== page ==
Ontario plans to double fines for motorists who door cyclists or use their mobile phones while driving, as part of a sweeping road-safety crackdown.
On Tuesday afternoon, Transportation Minister Steven Del Duca reintroduced a list of amendments to the Highway Traffic Act in the legislature. The Liberal government originally put the proposals forward in the spring, but they failed to pass before the June election.
"It's important for us to demonstrate very clear support for the cycling community and give motorists a clear sense that it is important to share the road," Mr. Del Duca said in an interview.
Careless drivers who hit cyclists when opening their doors will be dinged for $300 to $1,000 – up from the previous range of $60 to $300. They will also be slapped with three demerit points. That higher fine range and demerit point hit will also apply to people caught texting or talking on their phones behind the wheel – the toughest law in the country.
The legislation will also make it easier for municipalities to install contra-flow bike lanes. Previously, local councils had to pass bylaws to put in such lanes. Now, city planners can build them at will. Such lanes on Shaw Street in Toronto have doubled cycling traffic in a single year, according to city statistics.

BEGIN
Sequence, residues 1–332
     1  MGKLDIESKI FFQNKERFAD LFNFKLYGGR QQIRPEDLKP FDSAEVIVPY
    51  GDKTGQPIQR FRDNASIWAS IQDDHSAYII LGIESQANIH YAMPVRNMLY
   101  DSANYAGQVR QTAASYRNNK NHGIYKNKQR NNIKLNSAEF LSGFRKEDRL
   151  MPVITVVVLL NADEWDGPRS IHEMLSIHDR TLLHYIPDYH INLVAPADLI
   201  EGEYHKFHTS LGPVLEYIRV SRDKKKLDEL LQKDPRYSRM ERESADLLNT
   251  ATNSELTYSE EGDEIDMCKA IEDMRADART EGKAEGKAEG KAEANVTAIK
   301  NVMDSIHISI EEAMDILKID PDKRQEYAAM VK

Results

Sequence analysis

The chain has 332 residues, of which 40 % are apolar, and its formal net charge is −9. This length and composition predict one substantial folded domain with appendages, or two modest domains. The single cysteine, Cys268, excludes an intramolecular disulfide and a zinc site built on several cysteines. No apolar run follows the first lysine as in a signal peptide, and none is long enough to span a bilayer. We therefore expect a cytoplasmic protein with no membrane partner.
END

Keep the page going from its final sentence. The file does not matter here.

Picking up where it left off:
Motorists will also be required to leave a metre of space while passing cyclists, and cyclists will now be allowed to ride on the shoulders of some provincial highways.
The legislation makes a host of other changes, including extending laws against drunk driving to driving while under the influence of drugs.
The fines for dooring are some of the highest in North America. Chicago last year hiked its fine for the offense to $1,000. Montreal, by contrast, charges motorists just $52.
Ontario's beefed up laws have long been demanded by cyclists. In one 2008 case, a 57-year-old Toronto man was killed when he was doored in midtown and fell in front of a truck. The driver who hit him was fined $110.
"The bill is sending a very deliberate message: pay more attention to the road. Put down the phone, check your blind spot, check your mirror. That little decision can mean the life or death of a cyclist," said Jared Kolb, executive director of advocacy group Cycle Toronto.
But Mr. Kolb said the province must also spend more to help cities and towns build bike lanes. He pointed out that Ontario's funding on the file -- $10-million over three years -- is less than a tenth per capita of what world leaders such as the Netherlands spend.
"[The new Ontario rules] are important steps forward from an education and enforcement perspective," he said. "But there's still a lot that needs to be done on the infrastructure side."